“What mistake have you made?” asked Bel Shanaar.
“In my desire to seek accord with the worshippers of the forbidden gods, I have
allowed them to spread unseen and unchecked,” Malekith replied. “I have allowed
myself to be lured into a web of deceit, and was fooled into believing that House
Anar were my enemies. Nagarythe now burns with hatred, and I am cast out.”
“What would you have me do?” said the Phoenix King. “I cannot command your
subjects for you.”
“I would have peace restored, so that bitter enmities might be settled and wrongs
put to right,” said Malekith, raising his gaze to meet the inquiring stare of Bel
“We all wish that, I am sure,” said Bel Shanaar. “However, I cannot grant it by
simply wishing it so. I ask again, what would you have me do?”
“We must be united in this,” said Malekith earnestly. “The cults flourished before
because we each acted alone. All of the princes must speak with one voice. All of the
kingdoms must come together to defeat this dark menace.”
“How so?” said Bel Shanaar with a frown.
“The oaths sworn here many years ago to stand against the cults still hold true,”
said Malekith. “The princes of Ulthuan are still of one purpose on this matter.”
“I do not yet see what you ask of me,” said the Phoenix King.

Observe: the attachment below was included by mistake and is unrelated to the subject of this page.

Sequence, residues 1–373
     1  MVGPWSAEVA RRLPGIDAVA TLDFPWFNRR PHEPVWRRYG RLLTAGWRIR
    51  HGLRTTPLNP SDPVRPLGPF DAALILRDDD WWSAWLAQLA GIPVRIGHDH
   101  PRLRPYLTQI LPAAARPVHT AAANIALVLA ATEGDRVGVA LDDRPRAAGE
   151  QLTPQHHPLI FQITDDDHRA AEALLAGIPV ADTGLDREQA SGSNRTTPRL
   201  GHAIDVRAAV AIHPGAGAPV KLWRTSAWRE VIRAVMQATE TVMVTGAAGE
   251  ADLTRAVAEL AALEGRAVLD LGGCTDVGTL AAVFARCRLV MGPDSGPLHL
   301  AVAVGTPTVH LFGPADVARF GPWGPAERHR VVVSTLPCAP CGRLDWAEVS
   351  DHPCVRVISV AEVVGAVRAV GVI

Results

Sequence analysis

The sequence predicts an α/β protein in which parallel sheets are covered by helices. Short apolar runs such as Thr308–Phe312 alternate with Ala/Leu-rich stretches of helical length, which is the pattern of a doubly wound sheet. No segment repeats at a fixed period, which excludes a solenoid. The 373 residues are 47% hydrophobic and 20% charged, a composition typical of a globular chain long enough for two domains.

“As one army we must fight, under one general,” said Malekith. He strode
forwards and grasped Bel Shanaar’s hand in both of his, falling to one knee. “As did
my father, the army of Ulthuan must be wielded as a single weapon. Each realm in
turn shall be cleansed, and no traitor will go unpunished this time.”
“The armies of Ulthuan are not mine alone to command,” Bel Shanaar said
slowly. “I have already pledged the support of Tiranoc, and that has not changed.”
“All have pledged support and even now muster their forces for their own wars,”
Malekith said. “Though perhaps our need has grown greater, more princes than not
swore in this chamber to lend their aid.”
“Yet, it is the very magnitude of the situation that will force them to have second
thoughts,” Bel Shanaar said. “It is one thing to ask them to send a few thousand
troops to quell cultists and malcontents. To mobilise the militia, to gather their full
armies now, on the cusp of winter, is a much greater undertaking. What they have
promised and what you now ask is not the same thing.”
“We do not have time to stand idle,” Malekith growled. “Within a season, civil
war could engulf this island. I cannot go to each of the princes in turn and ask for
their renewed pledges. You must call the rulers of the kingdoms to a council, so that
the matter can be settled.”
“That is within my power, for sure,” said Bel Shanaar. “For some, the journey to
Tor Anroc will take some time, though.”
“Then call them to the Shrine of Asuryan upon the Isle of Flame,” suggested
Malekith, standing. “Thirty days hence, all princes will be able to attend, in the place
where you were accepted by the king of gods to succeed my father. We shall consult
the oracles there, and with their guidance choose the best course of action for all.”
Bel Shanaar considered this in silence, stroking his chin, as he was wont to do
when deep in thought.
“So shall it be,” the Phoenix King said with a solemn nod. “In thirty days we
shall convene the council of princes in the Shrine of Asuryan to determine the destiny
of our people.”